Black Curators Have Been Making Significant Strides, Art Museums are Finally Getting on Board to Aid Their Progress

THE FOURTH ITERATION of Made in L.A. is currently on view at the Hammer Museum. The biennial features 33 emerging and under-recognized artists, some of the most interesting and thought-provoking figures working in the Los Angeles area. Spanning nearly four generations, the diverse group includes African American artists Diedrick Brackens, Aaron Fowler, Lauren Halsey, EJ Hill, Christina Quarles, Michael Queenland, taisha paggett, and Suné Woods.

Los Angeles Times art critic Christopher Knight called Made in L.A. 2018 “the best one yet.” In his review of the biennial, which opened June 3 and runs through Sept. 2, Knight credits the exhibition’s curators for its success. The artists, Knight said, “were chosen with a keen attention to the resonance of their work within our socially disturbed time. Rather than art with partisan political agendas, Hammer curators Anne Ellegood and Erin Christovale have chosen smart work that, for the most part, feels acutely attuned to our beleaguered moment.”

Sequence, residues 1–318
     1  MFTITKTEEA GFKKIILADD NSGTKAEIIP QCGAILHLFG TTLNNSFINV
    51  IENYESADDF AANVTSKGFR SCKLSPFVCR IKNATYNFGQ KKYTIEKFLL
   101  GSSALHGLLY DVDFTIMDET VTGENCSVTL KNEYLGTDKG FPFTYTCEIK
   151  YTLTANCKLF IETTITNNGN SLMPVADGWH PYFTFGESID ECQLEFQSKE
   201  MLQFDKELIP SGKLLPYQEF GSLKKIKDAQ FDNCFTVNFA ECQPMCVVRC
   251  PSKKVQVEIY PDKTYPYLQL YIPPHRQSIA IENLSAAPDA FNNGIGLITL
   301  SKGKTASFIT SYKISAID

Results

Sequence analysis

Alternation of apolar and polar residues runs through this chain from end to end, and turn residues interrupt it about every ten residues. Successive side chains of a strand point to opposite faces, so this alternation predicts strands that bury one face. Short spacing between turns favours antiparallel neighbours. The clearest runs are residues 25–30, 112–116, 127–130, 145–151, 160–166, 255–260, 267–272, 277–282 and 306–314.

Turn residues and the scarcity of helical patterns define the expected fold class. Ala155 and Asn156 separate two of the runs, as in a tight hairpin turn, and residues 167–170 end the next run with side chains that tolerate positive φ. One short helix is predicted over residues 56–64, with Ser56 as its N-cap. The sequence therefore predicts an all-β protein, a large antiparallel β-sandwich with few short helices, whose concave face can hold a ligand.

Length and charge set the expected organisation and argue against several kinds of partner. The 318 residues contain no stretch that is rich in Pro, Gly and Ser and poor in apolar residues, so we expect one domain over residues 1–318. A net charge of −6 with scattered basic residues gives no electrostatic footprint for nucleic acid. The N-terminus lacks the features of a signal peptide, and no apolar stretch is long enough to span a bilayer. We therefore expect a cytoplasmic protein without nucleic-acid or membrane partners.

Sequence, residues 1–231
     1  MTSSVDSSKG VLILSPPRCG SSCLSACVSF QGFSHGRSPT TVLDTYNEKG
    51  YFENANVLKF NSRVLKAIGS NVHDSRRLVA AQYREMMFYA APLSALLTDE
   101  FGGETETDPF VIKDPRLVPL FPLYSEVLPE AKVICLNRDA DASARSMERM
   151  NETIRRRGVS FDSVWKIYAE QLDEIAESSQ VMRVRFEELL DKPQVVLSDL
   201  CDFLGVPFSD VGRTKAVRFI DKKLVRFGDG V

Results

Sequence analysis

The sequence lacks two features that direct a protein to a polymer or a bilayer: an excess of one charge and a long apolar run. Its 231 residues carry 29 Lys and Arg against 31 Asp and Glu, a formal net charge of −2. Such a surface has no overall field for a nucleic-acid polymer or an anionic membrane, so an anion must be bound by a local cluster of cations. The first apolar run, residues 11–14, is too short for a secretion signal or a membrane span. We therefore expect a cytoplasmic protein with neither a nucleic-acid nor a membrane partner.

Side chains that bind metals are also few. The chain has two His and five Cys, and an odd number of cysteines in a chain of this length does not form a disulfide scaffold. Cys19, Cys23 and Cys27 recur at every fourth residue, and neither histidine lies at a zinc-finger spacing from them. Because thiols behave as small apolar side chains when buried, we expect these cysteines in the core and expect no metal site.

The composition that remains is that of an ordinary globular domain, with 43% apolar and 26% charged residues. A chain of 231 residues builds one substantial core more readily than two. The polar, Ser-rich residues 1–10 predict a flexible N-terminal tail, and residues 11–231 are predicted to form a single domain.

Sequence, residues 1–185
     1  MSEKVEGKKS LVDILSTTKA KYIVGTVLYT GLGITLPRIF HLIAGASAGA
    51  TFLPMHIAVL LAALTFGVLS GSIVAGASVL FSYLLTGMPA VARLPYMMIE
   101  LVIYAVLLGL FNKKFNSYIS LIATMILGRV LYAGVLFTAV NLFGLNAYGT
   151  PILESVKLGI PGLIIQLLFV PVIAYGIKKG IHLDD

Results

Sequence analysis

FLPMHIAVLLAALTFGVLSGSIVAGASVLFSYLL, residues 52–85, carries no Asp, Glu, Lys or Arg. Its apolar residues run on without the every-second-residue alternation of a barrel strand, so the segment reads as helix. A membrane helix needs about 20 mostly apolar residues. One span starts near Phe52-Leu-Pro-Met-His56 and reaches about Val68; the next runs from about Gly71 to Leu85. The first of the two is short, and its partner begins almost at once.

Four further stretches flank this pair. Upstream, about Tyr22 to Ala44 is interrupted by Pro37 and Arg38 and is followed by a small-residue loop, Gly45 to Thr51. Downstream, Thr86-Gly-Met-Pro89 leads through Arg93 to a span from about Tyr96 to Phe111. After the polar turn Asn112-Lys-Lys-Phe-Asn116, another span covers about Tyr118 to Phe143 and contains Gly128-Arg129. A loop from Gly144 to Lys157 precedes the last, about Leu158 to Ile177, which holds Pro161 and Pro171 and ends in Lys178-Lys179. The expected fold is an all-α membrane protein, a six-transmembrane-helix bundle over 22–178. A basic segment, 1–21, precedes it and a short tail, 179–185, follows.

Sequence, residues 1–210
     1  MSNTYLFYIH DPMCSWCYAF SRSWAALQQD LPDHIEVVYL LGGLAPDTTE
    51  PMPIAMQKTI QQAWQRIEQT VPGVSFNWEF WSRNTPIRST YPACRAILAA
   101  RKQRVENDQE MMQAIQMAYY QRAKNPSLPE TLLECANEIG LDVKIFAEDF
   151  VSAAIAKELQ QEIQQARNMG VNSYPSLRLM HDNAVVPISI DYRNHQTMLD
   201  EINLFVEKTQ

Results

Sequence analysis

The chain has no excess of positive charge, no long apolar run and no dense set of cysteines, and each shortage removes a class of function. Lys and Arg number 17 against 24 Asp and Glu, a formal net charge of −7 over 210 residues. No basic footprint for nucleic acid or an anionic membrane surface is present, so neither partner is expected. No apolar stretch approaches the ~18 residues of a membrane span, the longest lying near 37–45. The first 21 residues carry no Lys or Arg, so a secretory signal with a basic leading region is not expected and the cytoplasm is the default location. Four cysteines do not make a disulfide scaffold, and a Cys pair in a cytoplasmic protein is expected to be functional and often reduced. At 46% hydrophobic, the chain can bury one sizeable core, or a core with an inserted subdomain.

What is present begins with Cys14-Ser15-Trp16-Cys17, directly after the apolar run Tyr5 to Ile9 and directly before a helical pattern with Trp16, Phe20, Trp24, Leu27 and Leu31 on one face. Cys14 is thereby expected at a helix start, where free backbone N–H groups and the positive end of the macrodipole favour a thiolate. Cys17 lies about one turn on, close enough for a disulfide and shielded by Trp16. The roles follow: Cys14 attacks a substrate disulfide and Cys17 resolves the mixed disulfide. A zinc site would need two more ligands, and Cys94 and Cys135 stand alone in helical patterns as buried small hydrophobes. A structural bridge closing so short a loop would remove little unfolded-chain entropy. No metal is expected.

The Hammer Museum announced the curators for Made in L.A. in February 2017. Christovale (pictured below, at right) was a Los Angeles-based independent curator and film programmer at the time. A few months later, in June, she was named assistant curator at the museum. CHRISTOVALE is AMONG A WAVE of black curators hired over the past several years to fill plum posts at major American art museums. They are relatively young—mostly in their 30s and 40s—and responsible for some of the most anticipated and groundbreaking exhibitions of 2018.

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